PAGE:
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Clotrimazole (Clotrimazole Topical) - Warnings and Precautions

 
 



WARNINGS

Clotrimazole cream is not for ophthalmic use.

PRECAUTIONS

General:

If irritation or sensitivity develops with the use of clotrimazole cream, treatment should be discontinued and appropriate therapy instituted.

Information for Patients:

The patient should be advised to:

  1. 1.Use the medication for the full treatment time even though the symptoms may have improved. Notify the physician if there is no improvement after four weeks of treatment.
  2. 2.Inform the physician if the area of application shows signs of increased irritation (redness, itching, burning, blistering, swelling, oozing) indicative of possible sensitization.
  3. 3.Avoid the use of occlusive wrappings or dressings.
  4. 4.Avoid sources of infection or reinfection.

Laboratory Tests

If there is lack of response to clotrimazole cream, appropriate microbiological studies should be repeated to confirm the diagnosis and rule out other pathogens before instituting another course of antimycotic therapy.

Drug Interactions

Synergism or antagonism between clotrimazole and nystatin, or amphotericin B, or flucytosine against strains of C. albicans has not been reported.

Carcinogenesis, Mutagenesis, Impairment of Fertility

An 18-month oral dosing study with clotrimazole in rats has not revealed any carcinogenic effect.

In tests for mutagenesis, chromosomes of the spermatophores of Chinese hamsters which had been exposed to clotrimazole were examined for structural changes during the metaphase. Prior to testing, the hamsters had received five oral clotrimazole doses of 100 mg/kg body weight. The results of this study showed that clotrimazole had no mutagenic effect.

Usage in Pregnancy: Pregnancy Category B

The disposition of 14C-clotrimazole has been studied in humans and animals. Clotrimazole is very poorly absorbed following dermal application or intravaginal administration to humans. (See CLINICAL PHARMACOLOGY)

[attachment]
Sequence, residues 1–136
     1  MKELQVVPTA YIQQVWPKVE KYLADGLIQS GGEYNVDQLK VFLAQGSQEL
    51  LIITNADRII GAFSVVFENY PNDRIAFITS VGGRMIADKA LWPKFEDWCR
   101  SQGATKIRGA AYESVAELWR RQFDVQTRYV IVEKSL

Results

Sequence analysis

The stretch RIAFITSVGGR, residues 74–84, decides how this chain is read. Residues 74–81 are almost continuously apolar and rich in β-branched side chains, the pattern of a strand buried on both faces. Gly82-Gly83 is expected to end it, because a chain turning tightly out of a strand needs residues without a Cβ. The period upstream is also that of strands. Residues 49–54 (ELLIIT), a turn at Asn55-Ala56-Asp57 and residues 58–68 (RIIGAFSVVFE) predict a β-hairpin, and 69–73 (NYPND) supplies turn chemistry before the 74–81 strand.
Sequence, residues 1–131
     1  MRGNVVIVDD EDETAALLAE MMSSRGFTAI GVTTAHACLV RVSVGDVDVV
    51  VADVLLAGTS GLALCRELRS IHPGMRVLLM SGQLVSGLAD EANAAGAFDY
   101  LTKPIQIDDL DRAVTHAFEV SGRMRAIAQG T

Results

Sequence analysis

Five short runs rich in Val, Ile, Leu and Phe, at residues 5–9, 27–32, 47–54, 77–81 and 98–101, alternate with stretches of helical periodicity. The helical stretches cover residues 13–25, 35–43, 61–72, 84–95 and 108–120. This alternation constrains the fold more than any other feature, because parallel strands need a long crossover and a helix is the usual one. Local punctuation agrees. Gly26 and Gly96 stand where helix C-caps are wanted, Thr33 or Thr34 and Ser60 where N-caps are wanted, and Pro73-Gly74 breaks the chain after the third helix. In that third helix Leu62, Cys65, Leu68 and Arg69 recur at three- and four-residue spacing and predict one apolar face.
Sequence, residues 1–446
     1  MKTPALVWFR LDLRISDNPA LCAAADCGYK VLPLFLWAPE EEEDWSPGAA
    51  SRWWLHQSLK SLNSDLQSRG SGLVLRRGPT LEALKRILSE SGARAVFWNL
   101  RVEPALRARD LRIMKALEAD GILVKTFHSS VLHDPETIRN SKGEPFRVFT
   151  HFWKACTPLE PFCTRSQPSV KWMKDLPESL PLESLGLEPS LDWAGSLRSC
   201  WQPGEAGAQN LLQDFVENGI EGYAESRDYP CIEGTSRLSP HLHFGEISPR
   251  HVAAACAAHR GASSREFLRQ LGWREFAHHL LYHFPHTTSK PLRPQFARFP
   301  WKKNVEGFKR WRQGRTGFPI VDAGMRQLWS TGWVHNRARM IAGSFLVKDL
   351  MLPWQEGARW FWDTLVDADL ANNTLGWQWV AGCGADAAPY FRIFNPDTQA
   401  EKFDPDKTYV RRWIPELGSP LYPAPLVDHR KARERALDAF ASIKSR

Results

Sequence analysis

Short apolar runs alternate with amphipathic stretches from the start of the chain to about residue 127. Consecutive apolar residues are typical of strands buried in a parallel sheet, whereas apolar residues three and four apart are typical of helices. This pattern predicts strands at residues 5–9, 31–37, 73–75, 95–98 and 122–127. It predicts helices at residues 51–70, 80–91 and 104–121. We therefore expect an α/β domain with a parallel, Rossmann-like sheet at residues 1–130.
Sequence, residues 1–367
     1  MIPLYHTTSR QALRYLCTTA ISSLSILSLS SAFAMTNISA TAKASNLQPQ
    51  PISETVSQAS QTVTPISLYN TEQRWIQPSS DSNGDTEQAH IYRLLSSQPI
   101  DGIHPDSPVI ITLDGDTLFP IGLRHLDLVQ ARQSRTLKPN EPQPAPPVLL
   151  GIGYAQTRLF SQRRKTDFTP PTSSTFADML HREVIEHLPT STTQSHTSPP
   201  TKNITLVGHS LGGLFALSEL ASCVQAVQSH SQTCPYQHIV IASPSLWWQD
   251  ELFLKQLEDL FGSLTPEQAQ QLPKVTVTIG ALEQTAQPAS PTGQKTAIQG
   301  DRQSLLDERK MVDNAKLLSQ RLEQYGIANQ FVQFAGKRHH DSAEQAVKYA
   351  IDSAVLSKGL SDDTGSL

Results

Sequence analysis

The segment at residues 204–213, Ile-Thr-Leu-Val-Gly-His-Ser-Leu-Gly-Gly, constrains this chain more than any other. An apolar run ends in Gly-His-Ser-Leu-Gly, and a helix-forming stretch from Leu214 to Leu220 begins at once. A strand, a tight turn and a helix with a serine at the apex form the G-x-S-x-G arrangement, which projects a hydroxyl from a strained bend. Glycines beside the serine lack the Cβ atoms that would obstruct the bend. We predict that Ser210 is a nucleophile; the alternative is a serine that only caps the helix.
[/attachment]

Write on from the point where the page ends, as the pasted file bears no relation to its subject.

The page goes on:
In clinical trials, use of vaginally applied clotrimazole in pregnant women in their second and third trimesters has not been associated with ill effects. There are, however, no adequate and well-controlled studies in pregnant women during the first trimester of pregnancy.

Studies in pregnant rats with intravaginal doses up to 100 mg/kg have revealed no evidence of harm to the fetus due to clotrimazole.

High oral doses of clotrimazole in rats and mice ranging from 50 to 120 mg/kg resulted in embroyotoxicity (possible secondary to maternal toxicity), impairment of mating, decreased litter size and number of viable young and decreased pup survival to weaning. However, clotrimazole was not teratogenic in mice, rabbits and rats at oral doses up to 200, 180 and 100 mg/kg, respectively. Oral absorption in the rat amounts to approximately 90% of the administered dose.

Because animal reproduction studies are not always predictive of human response, this drug should be used only if clearly indicated during the first trimester of pregnancy.

Nursing Mothers

It is not known whether this drug is excreted in human milk, caution should be exercised when clotrimazole is used by a nursing woman.

Pediatric Use

Safety and effectiveness in children have been established for clotrimazole when used as indicated and in the recommended dosage.

Page last updated: 2012-07-01

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